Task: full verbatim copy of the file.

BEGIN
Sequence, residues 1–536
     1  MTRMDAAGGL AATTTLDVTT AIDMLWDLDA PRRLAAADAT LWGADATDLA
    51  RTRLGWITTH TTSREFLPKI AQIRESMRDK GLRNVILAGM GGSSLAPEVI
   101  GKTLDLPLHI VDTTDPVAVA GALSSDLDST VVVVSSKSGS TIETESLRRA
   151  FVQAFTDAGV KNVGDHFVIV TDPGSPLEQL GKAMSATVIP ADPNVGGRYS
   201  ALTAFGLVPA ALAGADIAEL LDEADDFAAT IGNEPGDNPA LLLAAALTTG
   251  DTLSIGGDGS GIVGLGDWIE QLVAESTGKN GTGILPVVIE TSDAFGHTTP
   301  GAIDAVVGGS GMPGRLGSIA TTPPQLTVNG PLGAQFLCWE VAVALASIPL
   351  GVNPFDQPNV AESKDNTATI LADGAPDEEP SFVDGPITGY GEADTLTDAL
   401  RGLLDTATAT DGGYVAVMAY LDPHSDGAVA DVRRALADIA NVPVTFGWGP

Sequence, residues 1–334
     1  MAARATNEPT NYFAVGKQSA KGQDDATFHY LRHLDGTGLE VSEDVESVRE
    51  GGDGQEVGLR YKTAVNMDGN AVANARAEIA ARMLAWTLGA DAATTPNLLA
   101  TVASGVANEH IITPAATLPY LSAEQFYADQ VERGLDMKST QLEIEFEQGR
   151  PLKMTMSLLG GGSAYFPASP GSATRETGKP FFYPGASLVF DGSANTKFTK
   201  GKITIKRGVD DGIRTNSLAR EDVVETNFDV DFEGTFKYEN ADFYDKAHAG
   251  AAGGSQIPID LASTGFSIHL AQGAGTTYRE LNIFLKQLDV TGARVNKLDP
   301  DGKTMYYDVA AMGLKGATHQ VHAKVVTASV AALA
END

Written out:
Sequence, residues 1–536
     1  MTRMDAAGGL AATTTLDVTT AIDMLWDLDA PRRLAAADAT LWGADATDLA
    51  RTRLGWITTH TTSREFLPKI AQIRESMRDK GLRNVILAGM GGSSLAPEVI
   101  GKTLDLPLHI VDTTDPVAVA GALSSDLDST VVVVSSKSGS TIETESLRRA
   151  FVQAFTDAGV KNVGDHFVIV TDPGSPLEQL GKAMSATVIP ADPNVGGRYS
   201  ALTAFGLVPA ALAGADIAEL LDEADDFAAT IGNEPGDNPA LLLAAALTTG
   251  DTLSIGGDGS GIVGLGDWIE QLVAESTGKN GTGILPVVIE TSDAFGHTTP
   301  GAIDAVVGGS GMPGRLGSIA TTPPQLTVNG PLGAQFLCWE VAVALASIPL
   351  GVNPFDQPNV AESKDNTATI LADGAPDEEP SFVDGPITGY GEADTLTDAL
   401  RGLLDTATAT DGGYVAVMAY LDPHSDGAVA DVRRALADIA NVPVTFGWGP

Sequence, residues 1–334
     1  MAARATNEPT NYFAVGKQSA KGQDDATFHY LRHLDGTGLE VSEDVESVRE
    51  GGDGQEVGLR YKTAVNMDGN AVANARAEIA ARMLAWTLGA DAATTPNLLA
   101  TVASGVANEH IITPAATLPY LSAEQFYADQ VERGLDMKST QLEIEFEQGR
   151  PLKMTMSLLG GGSAYFPASP GSATRETGKP FFYPGASLVF DGSANTKFTK
   201  GKITIKRGVD DGIRTNSLAR EDVVETNFDV DFEGTFKYEN ADFYDKAHAG
   251  AAGGSQIPID LASTGFSIHL AQGAGTTYRE LNIFLKQLDV TGARVNKLDP
   301  DGKTMYYDVA AMGLKGATHQ VHAKVVTASV AALA